- a buildup of fluid in the abdomen (called ascites)
- breathing problems
You can see why it’s hard to diagnose colon cancer early enough to treat it. Who doesn’t have one or more of those symptoms once in a while? Many of these symptoms can also be caused by other conditions, whether minor or serious. Some of these symptoms are less obvious for colon cancer, so they can seem strange, but it’s safer to get them checked out anyway.
The key is to consider all the information together and discuss it with your family doctor. They can help you decide if it’s time to screen for colon cancer and/or some other conditions. If the symptoms turn out to be nothing serious, you’ll be glad to know you won’t need to start chemo, radiation or surgery anytime soon.
Your main job in preventing colon cancer is to know your personal risk factors, pay attention to your body, listen to your intuition and talk to your doctor as early as possible.
Catching it early is your best defense against this silent killer.
What to Do if You Are High Risk or Notice Symptoms
Colon Cancer Tests You Can Do at Home
When do you call your doctor and ask for a colonoscopy?
If something seems amiss or you fall into one of the higher risk groups, your doctor may start by ordering a home test that looks for trace amounts of blood in your stool.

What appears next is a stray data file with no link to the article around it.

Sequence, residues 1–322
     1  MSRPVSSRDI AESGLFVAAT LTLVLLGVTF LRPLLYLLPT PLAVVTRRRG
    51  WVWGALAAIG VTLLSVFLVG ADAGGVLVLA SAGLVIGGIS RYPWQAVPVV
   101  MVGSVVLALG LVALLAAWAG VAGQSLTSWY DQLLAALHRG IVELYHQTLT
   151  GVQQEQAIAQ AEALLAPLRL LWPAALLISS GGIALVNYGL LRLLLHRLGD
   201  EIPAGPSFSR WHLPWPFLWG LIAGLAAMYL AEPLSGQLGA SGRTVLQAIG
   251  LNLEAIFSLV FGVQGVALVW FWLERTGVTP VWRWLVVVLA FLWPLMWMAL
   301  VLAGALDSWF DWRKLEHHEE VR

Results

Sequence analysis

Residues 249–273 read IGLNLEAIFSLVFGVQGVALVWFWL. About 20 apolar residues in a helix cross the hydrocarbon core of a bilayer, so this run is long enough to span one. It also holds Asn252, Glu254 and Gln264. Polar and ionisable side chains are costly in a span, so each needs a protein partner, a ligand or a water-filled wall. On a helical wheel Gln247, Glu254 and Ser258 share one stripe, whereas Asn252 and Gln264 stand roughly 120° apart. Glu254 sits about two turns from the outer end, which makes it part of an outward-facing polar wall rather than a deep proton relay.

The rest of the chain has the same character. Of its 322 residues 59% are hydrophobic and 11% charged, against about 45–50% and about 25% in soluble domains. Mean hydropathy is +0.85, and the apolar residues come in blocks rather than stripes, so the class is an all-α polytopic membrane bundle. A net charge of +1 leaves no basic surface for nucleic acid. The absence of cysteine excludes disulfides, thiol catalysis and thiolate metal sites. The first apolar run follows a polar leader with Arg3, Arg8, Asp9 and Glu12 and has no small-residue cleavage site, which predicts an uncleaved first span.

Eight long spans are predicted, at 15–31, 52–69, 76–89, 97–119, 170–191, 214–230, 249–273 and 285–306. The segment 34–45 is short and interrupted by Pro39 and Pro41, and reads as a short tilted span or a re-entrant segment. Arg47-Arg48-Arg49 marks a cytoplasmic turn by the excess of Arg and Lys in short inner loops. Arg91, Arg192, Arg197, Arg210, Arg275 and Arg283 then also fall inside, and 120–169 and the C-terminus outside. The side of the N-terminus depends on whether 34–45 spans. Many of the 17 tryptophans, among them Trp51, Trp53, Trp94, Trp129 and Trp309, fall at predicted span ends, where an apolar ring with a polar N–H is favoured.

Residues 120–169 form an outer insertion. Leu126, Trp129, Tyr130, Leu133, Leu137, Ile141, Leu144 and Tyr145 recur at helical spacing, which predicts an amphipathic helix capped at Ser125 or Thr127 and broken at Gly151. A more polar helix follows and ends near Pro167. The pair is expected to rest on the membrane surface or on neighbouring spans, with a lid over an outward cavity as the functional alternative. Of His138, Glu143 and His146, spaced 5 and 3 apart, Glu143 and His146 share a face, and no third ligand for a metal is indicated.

Guaiac Fecal Occult Blood Test (gFOBT):
This test looks for trace amounts of blood in your stool with a chemical reaction on a card. This test must be done yearly and is considered the least effective.
Fecal Immunochemical Test (FIT OR IFOBT):
The FIT also looks for imperceptible traces of blood in your stool by using antibodies for human blood. This test uses a higher-tech method and is more accurate. It’s also easier because you won’t need to change your diet. The test is unaffected by food or vitamins.
If a home test comes back positive, your doctor will need to take a look inside to see why you’re bleeding.
Colon Cancer Tests Conducted by Your Doctor
Your doctor can check the lower part of your colon and rectum with a sigmoidoscope. It’s about the width of your finger and has a light and camera connected to a display screen.
For this test you may need to drink clear liquids the day before to clean out your system. It typically takes 10-20 minutes and is done without a sedative.
If a polyp is found, your doctor will take a sample to send to the lab. A positive result means you’ll need a colonoscopy.
Colonoscopies are the most invasive and most accurate test for colon cancer.
There’s a lot more prep for this one. You’ll probably need to drink only clear liquids for two days before the exam, take laxatives the day before and possibly get an enema on the day of the test.
The procedure takes at least 30 minutes but may take more if polyps need to be removed right away. You’ll be sedated to make it more comfortable.
The good news? If the test is clear, you won’t need another one for 10 years.
Whether you’re in a high-risk category and/or are showing symptoms, I hope you’ll agree the inconvenience and discomfort is worth saving your life.